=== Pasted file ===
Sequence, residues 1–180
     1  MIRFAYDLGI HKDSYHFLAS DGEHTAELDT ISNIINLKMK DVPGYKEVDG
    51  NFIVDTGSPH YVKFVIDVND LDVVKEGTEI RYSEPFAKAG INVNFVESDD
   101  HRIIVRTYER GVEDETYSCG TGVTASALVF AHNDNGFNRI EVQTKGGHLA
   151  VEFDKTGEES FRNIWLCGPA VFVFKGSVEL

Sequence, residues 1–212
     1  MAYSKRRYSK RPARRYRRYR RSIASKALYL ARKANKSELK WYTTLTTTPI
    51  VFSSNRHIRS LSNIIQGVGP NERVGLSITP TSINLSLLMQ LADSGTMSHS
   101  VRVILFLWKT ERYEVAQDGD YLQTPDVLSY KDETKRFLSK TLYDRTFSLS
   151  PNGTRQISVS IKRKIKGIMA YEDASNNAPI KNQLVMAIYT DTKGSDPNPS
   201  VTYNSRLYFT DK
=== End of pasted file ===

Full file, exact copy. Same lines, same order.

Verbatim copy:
Sequence, residues 1–180
     1  MIRFAYDLGI HKDSYHFLAS DGEHTAELDT ISNIINLKMK DVPGYKEVDG
    51  NFIVDTGSPH YVKFVIDVND LDVVKEGTEI RYSEPFAKAG INVNFVESDD
   101  HRIIVRTYER GVEDETYSCG TGVTASALVF AHNDNGFNRI EVQTKGGHLA
   151  VEFDKTGEES FRNIWLCGPA VFVFKGSVEL

Sequence, residues 1–212
     1  MAYSKRRYSK RPARRYRRYR RSIASKALYL ARKANKSELK WYTTLTTTPI
    51  VFSSNRHIRS LSNIIQGVGP NERVGLSITP TSINLSLLMQ LADSGTMSHS
   101  VRVILFLWKT ERYEVAQDGD YLQTPDVLSY KDETKRFLSK TLYDRTFSLS
   151  PNGTRQISVS IKRKIKGIMA YEDASNNAPI KNQLVMAIYT DTKGSDPNPS
   201  VTYNSRLYFT DK